Since the last global recession, the gig economy has transformed life around the world, shaking up transportation in cities, food delivery and even the way people think about housework. (Why hang a painting yourself when you can use TaskRabbit?)
But the gig economy startups that captured public attention over the past decade aren’t faring well in their first downturn, as people are spend less on non-essential items and travel — either across town or around the world —is extremely limited.
Uber is cutting 3,700 full-time workers, about 14% of its workforce, and its CEO will give up his base salary, according to The Associated Press.
The San Francisco company said Wednesday that the layoffs and related costs like severance will reach about $20 million.
Uber Technologies Inc. had already imposed a hiring freeze and has offered up to 14 days of financial assistance to drivers and delivery workers who were diagnosed with COVID-19, or placed in quarantine.
Chief Executive Dara Khosrowshahi will waive his base salary through year-end.
The company, which is scheduled to report quarterly financial results after the bell Thursday, said it is evaluating other cost cuts.
Airbnb, the short-term rental site that had planned to go public this year, said Tuesday that it will lay off about 25% of its workforce as the coronavirus pandemic upends the travel industry and threatens the company’s core business.
“We are collectively living through the most harrowing crisis of our lifetime, and as it began to unfold, global travel came to a standstill,” Airbnb CEO and cofounder Brian Chesky said in a letter to employees.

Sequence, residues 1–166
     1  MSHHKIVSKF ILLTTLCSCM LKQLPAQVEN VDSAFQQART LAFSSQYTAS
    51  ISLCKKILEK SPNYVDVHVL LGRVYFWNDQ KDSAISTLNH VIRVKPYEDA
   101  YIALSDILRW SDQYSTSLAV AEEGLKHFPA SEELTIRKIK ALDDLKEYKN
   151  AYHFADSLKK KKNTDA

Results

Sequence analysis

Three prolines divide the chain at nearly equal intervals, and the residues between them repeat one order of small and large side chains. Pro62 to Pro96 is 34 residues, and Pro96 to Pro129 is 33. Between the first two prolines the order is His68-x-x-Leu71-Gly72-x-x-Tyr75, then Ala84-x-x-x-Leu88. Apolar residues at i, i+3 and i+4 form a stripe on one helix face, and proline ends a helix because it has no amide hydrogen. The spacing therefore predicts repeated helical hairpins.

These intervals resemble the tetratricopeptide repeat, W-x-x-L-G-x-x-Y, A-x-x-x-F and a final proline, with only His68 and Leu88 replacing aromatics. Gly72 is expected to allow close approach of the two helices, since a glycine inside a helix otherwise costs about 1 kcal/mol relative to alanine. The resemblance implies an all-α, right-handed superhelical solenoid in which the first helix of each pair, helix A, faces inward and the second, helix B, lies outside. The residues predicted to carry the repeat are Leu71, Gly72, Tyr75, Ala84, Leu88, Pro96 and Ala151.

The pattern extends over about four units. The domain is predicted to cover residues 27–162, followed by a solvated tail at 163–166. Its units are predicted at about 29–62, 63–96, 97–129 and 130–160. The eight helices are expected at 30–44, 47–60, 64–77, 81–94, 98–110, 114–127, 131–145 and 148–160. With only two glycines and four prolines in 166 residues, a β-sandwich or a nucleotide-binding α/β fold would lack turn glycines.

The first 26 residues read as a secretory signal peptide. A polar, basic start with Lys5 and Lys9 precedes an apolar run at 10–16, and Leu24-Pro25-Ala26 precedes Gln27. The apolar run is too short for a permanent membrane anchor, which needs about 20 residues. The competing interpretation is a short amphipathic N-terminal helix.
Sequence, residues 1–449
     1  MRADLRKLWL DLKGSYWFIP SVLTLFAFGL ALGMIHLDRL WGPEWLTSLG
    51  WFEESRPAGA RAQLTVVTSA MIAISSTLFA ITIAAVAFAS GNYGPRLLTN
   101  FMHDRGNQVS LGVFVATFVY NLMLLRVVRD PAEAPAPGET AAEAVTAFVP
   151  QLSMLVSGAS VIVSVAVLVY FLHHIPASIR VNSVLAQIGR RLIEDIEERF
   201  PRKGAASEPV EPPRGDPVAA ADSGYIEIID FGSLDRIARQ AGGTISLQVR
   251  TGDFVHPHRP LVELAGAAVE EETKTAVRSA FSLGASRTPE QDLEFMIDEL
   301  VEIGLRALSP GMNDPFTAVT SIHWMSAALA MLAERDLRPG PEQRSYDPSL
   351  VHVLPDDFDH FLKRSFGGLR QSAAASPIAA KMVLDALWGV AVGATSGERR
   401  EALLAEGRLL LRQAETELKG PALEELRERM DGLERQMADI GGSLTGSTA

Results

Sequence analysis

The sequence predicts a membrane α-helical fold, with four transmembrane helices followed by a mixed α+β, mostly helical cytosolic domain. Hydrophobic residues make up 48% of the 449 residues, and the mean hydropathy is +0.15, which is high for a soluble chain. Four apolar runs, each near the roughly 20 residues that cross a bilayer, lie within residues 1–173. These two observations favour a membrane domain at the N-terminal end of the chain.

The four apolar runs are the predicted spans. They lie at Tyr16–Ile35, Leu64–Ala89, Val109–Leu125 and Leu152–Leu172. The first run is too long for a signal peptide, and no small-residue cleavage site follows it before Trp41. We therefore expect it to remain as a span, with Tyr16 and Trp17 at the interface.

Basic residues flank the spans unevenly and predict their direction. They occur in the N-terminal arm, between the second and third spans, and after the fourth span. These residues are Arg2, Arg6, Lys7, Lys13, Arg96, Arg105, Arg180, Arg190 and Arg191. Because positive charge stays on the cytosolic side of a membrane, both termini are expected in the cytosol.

Airbnb’s business has been “hit hard” and revenue this year is expected to be less than half of what the company earned in 2019, he added.
Comparisons to last year will also be tough for Uber and Lyft. The ride-sharing companies had been struggling to convince investors that they were on a path toward profitability following their Wall Street debuts. The coronavirus outbreak has only fed doubts about the way forward.
Uber shares are down 30% since the middle of February, while Lyft shares have dropped 43%. The S&P 500 has shed 15% over the same period.
More details about how Uber and Lyft’s businesses are faring will be available shortly. Lyft reports earnings for the first three months of 2020 after US markets close Wednesday. Uber follows on Thursday.
Investors are bracing for tough data. Bank of America analysts predict that ridesharing could be down as much as 80% in some markets during the current quarter. Both Uber and Lyft have pulled guidance on earnings for 2020 due to uncertainty surrounding the pandemic.
Analysts think Uber could get a lift from an uptick in its food delivery business Uber Eats, but intense competition continues to affect profitability.
“Uber and Lyft face Herculean-like challenges looking ahead as the new reality will likely change the business models of these companies (and competitors) for the foreseeable future,” Daniel Ives, an analyst at Wedbush Securities, said in a recent note to clients.
He projects that up to 30% of gig economy revenue could disappear for the next one to two years, and a portion will never return as behaviors change.
Even as demand picks back up, gig economy companies will face new costs as they roll out policies to protect workers and customers. Uber, for example, plans to require drivers and riders to wear face masks or face coverings when using the platform in certain countries.